segattach, segdetach, segfree - map/unmap a segment in virtual memory
long segattach(int attr, char *class, void *va, ulong len)
int segdetach(void *addr)
int segfree(void *va, ulong len)
Segattach creates a new memory segment, adds it to the calling process's address space,
and returns its lowest address (as an integer). Segments belong to system-dependent
classes. Segment classes memory (plain memory) and shared (shared memory) are available
on all systems.
Shared segments are inherited by the children of the attaching process and remain
untouched across a fork(2). An exec(2) will release a shared segment if it overlaps the
segments in the file being exec'ed; otherwise the segment will be inherited.
Some machines provide a segment class lock. Lock segments allow access to special lock
hardware provided by some multiprocessors, in particular the SGI Power Series machines.
Systems may also provide interfaces to special hardware devices like frame buffers through
the segattach interface. Device memory mapped by this method is typically uncached by
If the specified class is unknown, segattach draws an error.
Attr specifies the new segment's attributes. The only attributes implemented on all
classes of segment is SG_RONLY, which allows only read access on the segment, and
SG_CEXEC, which causes the segment to be detached when the process does an exec(2). Spe-
cific devices may implement attributes to control caching and allocation, but these will
vary between devices.
Va and len specify the position of the segment in the process's address space. Va is
rounded down to the nearest page boundary and va+len is rounded up. The system does not
permit segments to overlap. If va is zero, the system will choose a suitable address.
Segdetach removes a segment from a process's address space. Memory used by the segment is
freed. Addr may be any address within the bounds of the segment.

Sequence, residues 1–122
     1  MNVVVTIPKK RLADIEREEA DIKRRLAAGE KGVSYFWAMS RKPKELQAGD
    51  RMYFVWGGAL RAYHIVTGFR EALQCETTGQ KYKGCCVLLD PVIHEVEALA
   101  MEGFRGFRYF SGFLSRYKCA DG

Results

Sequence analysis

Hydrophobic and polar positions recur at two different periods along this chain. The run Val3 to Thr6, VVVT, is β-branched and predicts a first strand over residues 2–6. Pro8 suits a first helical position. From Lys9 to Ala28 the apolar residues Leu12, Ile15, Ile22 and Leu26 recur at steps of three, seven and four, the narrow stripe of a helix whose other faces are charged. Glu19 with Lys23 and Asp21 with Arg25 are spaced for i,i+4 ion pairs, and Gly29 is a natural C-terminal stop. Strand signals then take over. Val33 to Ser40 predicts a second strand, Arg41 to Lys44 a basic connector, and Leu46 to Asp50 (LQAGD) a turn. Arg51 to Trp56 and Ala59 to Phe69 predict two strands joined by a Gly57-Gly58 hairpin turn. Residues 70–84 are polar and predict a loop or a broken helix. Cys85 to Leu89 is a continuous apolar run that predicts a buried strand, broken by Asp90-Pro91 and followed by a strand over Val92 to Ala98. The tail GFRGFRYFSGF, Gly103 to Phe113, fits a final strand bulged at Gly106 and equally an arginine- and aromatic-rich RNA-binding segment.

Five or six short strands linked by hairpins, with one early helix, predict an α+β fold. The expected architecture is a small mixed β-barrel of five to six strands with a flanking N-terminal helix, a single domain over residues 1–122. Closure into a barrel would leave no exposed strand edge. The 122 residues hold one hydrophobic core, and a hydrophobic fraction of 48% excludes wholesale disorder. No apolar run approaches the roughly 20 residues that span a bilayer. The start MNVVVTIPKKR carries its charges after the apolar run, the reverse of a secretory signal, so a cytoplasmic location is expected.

The system will not permit the text and stack segments to be detached from the address
Segfree allows specific areas of a segment's memory to be returned to the system, but
leaves that portion of the process's address space valid, to be reconnected to initialized
memory of the appropriate type if addressed again. Va and len are interpreted as in
segattach but need not refer to the entire segment.
The MIPS R2000 and R3000 have no hardware instructions to implement locks. The following
method can be used to build them from software. First, try to segattach a segment of
class lock. If this succeeds, the machine is an SGI Power Series and the memory contains
hardware locks. Each 4096-byte page has 64 long words at its beginning; each word imple-
ments a test-and-set semaphore when read; the low bit of the word is zero on success, one
on failure. If the segattach fails, there is no hardware support but the operating system
helps: Any COP3 instruction will be trapped by the kernel and interpreted as a test-and-
set. In the trap, R1 points to a long; on return, R1 is greater or equal zero on success,
negative on failure. The following assembly language implements such a test-and-set.
* MIPS test and set
TEXT tas(SB), $0
MOVW R1, sema+0(FP) /* save arg on stack */
MOVW sema+0(FP), R1
MOVB R0, 1(R1)
NOR R0, R0, R0 /* NOP */
WORD $(023<<26) /* MFC3 R0, R0 */
BLTZ R1, btas
lock(2), segbrk(2), segflush(2)
These functions set errstr.
The return type of segattach is peculiar. Also, segattach returns -1 on error; beware
that on some systems other negative values might be legal addresses.
There is a small fixed limit on the number of segments that may be attached, as well as a
maximum segment size.